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About spark

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  1. Just a few interesting samples, of yearly median house prices in selected suburbs, from, based on myrpdata: Rose Bay 2003: $1,840,000 ; 2012: $1,620,000 Vaucluse 2003: $2,590,000 ; 2012: $2,700,000 Point Piper 2003: $5,575,000 ; 2012: $4,250,000 Tamarama 2003: $2,150,000 ; 2012: $1,760,000 Double Bay 2003: $1,925,000 ; 2012: $2,000,000 Mosman 2003: $1,755,000 ; 2012: $2,050,000 Clontarf 2003: $1,950,000 ; 2012: $1,700,000 Seaforth 2003: $1,205,000 ; 2012: $1,355,000 Northbridge 2003: $1,422,500 ; 2012: $1,660,000 Forestville 2003: $713,500; 2012: $880,000 Doubles every year!
  2. Even 3% will look fantastic. And another Q on this subject: What will the AUD do if there is a sudden spike in oil prices, let's say in the coming weeks?
  3. With all due respect, it will hurt the THB big time....
  4. Where is the "Like" button?
  5. Let's see if "they" can fight demography with keynesianism
  6. Or shares go higher...
  7. Well, here the banks bring upon themselves what they really deserve: A property crash. Nice.
  8. Not at all... Please believe me. :--) Even better - go to CN, see for yourself. Return tickets from SYD to Guangzhou or Shanghai are around $700-$800. Worth it.
  9. Sorry to disappoint you. China is a free country. Just not in the Western sense of "free".
  10. I visit China several times a year. Have local friends there and business connections. (I am not of Chinese origin). I would NOT call it a totalitarian regime. If at all - the government/political system is a hostage of the well being of the people, rather than the people are hostage of the system. I see it as a slient understanding when the citizens are ready (and knowingly willing!!) to live without certain Western perks such as Facebook when in return they have a more effective and efficient political system. A system which has proved its efficiency every year in the last two decades of constantly improving life to all. And nobody can argue with these facts. As long as the everyday life of most citizens in China is improving (and it is!), they would have no problems with a political system which is effective, allows by the way lots of personal freedom to every citizen (look at the growing number of middle class in CN, Chinese tourists around the globe, not to mention the millionaires), even when it is not democratic. They knowingly perfer order and a proven path of progress to some vague forms of freedom like chosing between Gillard and what's-his-name on the other side? The problems of the system will begin when this silent understanding and agreement stops. When life stops from improving. Even when the constant trend upwards becomes a plateau. Then the disgruntled may demand a political change when in fact they would rather see an economical improvement. It's the economy. Only. This is why, to survive, and to keep things going, the Chinese government has the well being of its people as a first and foremost goal. And would never dare to aim tanks at those whom it fears the most. PS - I highly recommend you to visit this amazing country if only as tourists. Nobody came back from China with their prejudice intact.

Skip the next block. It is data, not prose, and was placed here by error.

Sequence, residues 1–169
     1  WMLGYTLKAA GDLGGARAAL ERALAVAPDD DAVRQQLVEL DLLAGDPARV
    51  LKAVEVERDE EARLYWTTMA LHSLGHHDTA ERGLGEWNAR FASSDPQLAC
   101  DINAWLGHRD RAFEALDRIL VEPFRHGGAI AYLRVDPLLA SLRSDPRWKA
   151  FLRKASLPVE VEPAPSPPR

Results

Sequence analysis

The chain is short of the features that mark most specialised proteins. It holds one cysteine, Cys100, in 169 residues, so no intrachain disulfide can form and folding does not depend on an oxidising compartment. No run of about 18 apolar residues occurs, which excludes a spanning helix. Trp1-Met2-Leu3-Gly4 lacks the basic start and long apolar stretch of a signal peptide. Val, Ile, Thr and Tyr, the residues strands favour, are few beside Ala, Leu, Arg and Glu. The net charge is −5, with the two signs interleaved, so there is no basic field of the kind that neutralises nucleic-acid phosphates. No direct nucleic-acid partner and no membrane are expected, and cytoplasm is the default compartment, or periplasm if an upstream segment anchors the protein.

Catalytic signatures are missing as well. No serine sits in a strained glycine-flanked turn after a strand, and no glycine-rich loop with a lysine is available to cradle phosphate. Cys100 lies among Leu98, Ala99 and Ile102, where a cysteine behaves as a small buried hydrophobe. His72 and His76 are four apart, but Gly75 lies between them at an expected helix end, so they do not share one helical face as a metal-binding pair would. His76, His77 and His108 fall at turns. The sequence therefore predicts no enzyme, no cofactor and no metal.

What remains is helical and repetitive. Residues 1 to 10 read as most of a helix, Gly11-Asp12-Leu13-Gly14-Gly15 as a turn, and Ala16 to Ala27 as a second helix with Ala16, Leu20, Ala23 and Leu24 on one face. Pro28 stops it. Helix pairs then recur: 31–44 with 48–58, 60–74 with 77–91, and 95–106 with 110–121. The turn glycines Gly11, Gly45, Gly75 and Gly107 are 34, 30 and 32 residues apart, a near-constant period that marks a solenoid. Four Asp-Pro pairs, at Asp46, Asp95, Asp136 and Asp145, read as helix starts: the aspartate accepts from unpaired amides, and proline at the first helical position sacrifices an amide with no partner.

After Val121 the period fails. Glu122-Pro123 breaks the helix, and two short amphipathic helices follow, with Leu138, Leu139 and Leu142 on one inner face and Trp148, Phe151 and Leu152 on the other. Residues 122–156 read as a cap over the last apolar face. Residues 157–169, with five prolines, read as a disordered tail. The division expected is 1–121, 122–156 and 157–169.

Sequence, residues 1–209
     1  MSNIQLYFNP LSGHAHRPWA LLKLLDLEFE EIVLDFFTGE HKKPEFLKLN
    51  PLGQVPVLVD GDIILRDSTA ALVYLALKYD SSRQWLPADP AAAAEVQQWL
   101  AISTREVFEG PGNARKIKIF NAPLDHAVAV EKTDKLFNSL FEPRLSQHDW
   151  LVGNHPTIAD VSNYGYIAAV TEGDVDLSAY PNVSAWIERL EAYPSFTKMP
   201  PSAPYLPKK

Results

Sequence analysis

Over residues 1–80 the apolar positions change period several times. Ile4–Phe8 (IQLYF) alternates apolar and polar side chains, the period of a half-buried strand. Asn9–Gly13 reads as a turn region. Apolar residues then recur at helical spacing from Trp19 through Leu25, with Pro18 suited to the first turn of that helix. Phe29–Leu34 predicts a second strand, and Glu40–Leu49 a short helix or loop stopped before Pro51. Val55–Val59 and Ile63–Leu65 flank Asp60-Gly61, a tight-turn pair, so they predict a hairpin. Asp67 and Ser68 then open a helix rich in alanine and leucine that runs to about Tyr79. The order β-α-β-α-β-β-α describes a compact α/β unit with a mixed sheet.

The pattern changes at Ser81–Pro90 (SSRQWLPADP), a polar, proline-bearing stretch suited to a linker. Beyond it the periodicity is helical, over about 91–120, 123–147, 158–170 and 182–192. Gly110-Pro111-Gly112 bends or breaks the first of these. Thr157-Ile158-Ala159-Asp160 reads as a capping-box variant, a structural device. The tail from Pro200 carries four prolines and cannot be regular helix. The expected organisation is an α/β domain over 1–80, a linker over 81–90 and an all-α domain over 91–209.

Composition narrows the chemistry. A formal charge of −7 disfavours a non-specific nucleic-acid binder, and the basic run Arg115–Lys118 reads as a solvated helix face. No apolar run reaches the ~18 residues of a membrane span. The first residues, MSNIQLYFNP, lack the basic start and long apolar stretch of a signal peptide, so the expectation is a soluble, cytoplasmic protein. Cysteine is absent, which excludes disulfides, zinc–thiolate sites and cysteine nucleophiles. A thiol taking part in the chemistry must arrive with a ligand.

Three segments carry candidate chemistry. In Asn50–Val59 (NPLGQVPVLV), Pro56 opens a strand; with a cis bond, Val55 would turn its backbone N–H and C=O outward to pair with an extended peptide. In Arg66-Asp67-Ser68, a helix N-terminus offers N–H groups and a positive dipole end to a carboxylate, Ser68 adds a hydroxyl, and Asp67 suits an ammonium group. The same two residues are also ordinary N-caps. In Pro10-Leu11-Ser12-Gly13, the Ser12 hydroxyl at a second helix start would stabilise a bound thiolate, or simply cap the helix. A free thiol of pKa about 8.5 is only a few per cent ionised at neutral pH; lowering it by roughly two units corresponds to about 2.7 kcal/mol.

11. Soldiers may have investment properties too... I do not believe that China will turn tanks against its own population. 2012 is not 1989.
  12. http://www.marketwat...woes-2012-01-05 As much as I deeply respect the Chinese Government and their dedication to keep their citizens happy (No cynicism! They have to!), this will be a difficult issue to manage.
  13. ASX will see 2xxx I would add Dow to see the ~6000 towards years' end Gold over $2500 USD I would bet on around $800-$1000, mainly since everything (every potential disaster) is already "priced in" AUD breaches 75c. My bet is still 1.2 for the USD and 1=1 for EUR. Coin toss on Iran invasion as China declares alliance. Short but nasty war in the Middle East between Israel and an Iran around May-June 2012. Syria may side with Iran if Mr Assad is still around. Unless there is a severe escalation (too many civilian casualties on the Israeli side and/or New Egypt siding with Iran for whatever reason by whoever takes the power there) there will NOT be direct American intervention. Pragmatic China will keep out of it. Australian property will continue its journey to the long time equilibrium of bringing about 6% yield, mainly due to falling prices, not to slightly rising rents. Say a fall around -10% during 2012, or about -1% per month. Happy New Year!!
  14. And unemployment in CN?... This will not be tolerated by the government. Chinese friends have told me that there is a silent understanding between "the people" and "the people's govt" that as long as life is improving and everyone is (surprisingly) happily employed there won't be any civil unrest. And the minor inconveniences such as blocking of Facebook will be tolerated. With razor thin margins and an already shrinking market for goods at current prices the revaluation of the CNY, say up to the level of 4 to the USD, will put many out of business and out of work. If there is anything I trust in politics of today - it is the wisdom of the Chinese government. I do not see how on earth they would allow for mass unemployment (and unrest) by revaluating the Yuan. If at all they may react to the current situation of shrinking western demand by devaluing the CNY down to 8 even 10 to the USD, just to keep the system running. If at all the "full convertability" of the CNY might be intended to achieve this purpose, not revaluation. How it will be done on the free market I do not know, but I trust the CN govt that they have their own pre-planned solution to this.